When You're Born Rich
I recently read The Spheres of Heaven, a sci-fi novel by Charles Sheffield. In it, a woman character, basically a concubine, explains to the engineer of a space ship about the captain, a rich egocentric know-it-all, who decided to take a nap during a perilous situation.
"Let me explain something to you," she says. "When you're born rich, you don't do things. You buy things. And those things include more than material objects. You buy people. You buy services. You buy reassurance. He bought your services, so he expects you to save the ship and him and find a way home. Why shouldn't he sleep easy?"
When I read that passage, I immediately thought of Tony George. (Then, I thought of a few other born rich brats I have to deal with in my racing.) After all, what has Tony George ever done? Just buy things. And people. And services. And sometimes reassurance.
This was never more evident as it was on that fateful Wednesday, January 28, 2004 when two forces collided head on in an Indianapolis, Indiana Federal Bankruptcy Court.
Tony George tried to buy control of open wheel racing in North America. He did not try to create it. He did not want to merge or unify open wheel racing. He said so himself: "I'm not interested in any kind of merger now that they've got those assets."
Because to do so would mean, in his own words, "I'm not interested in giving up the equity we've got in the IRL." Of course not. People who are born rich do not give up anything. They buy things.
And of course, they buy people. Fred Nation. Brian Barnhart. Even Chip Ganassi and Roger Penske. All bought by Tony George, even if it was through Toyota and Honda.
They buy reassurance. How else can you explain the following quotes of hypocrisy.
Team Penske president Tim Cindric: "Everyone came out a loser today. We'll be that way until everyone has a common direction." You mean like the way your team changed direction?
Michael Andretti: "I guess (OWRS) will have their series, and we'll have ours. What else is there?" How about acknowledging what made you who you are? And, the only reason you are where you are right at this moment is because you were bought.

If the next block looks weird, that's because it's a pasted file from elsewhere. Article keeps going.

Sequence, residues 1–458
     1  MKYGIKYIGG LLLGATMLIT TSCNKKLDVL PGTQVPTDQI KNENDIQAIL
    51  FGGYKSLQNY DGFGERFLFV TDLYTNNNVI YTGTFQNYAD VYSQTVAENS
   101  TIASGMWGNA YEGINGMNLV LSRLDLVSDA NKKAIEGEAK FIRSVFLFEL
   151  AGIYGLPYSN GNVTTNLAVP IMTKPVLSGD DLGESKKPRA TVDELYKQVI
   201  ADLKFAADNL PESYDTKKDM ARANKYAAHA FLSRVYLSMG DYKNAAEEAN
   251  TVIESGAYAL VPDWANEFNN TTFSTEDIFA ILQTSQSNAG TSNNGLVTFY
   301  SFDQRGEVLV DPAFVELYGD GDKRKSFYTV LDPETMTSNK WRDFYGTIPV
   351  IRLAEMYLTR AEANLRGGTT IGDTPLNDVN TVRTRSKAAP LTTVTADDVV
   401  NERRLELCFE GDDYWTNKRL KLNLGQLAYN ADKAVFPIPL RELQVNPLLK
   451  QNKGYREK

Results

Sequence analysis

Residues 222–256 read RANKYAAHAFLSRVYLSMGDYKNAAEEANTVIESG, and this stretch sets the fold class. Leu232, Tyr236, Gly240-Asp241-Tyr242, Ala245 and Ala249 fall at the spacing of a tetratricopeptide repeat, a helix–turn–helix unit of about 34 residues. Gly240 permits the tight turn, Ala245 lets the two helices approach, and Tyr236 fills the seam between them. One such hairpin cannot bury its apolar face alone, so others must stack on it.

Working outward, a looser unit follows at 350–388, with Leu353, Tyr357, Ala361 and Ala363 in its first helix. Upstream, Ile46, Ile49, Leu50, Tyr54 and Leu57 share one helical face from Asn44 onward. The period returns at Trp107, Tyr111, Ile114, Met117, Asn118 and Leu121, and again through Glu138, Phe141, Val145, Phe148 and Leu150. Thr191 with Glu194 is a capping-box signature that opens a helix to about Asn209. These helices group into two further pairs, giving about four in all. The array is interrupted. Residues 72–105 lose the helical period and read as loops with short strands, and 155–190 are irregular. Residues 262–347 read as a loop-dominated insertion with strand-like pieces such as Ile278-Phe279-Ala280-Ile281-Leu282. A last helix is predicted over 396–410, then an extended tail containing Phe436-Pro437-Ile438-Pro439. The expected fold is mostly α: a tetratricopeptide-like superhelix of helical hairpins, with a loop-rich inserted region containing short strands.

Helio Castroneves: "It's a shame, that's what it is. I think politics could have been put aside a little and something could have come about that was good." Want to drop politics and do something good, Helio? How about admit the truth -- that you were passed before the yellow flag by Paul Tracy.
The best one of all, A.J. Foyt: "There are too many egos there to lose. When CART started, it was a fantastic organization. But too many car owners put their two cents' worth in, and they ruined it -- just like today." Oh, boy, where do we start with this one? How about when Foyt originally signed up to join CART back at the start, he immediately changed his mind, stuck with USAC, and ripped CART at every opportunity he could. Now, he suddenly says it was a great organization? Foyt is complaining about other people's egos? I think only Pete Rose can top Foyt in the ego department. What's this about owners' input ruining things? How about all the whispering you do in your godson's ear that has helped destroy the sport?
All that transpired over the past couple of weeks is just more proof that Tony George was never about the good of the sport or unification or settling the split (which he created, for crying out loud). Yes, we've said it countless times, but it bears repeating once again. It's all about power, control, and ego.
People who are born rich don't do things. They buy things. And, Tony George has been trying to buy control of open wheel racing ever since he took over the reigns of the Indianapolis Motor Speedway. This time, though, he couldn't buy a judge.
Copyright © 2004 by Russell Jaslow and Deep Throttle. All Rights Reserved.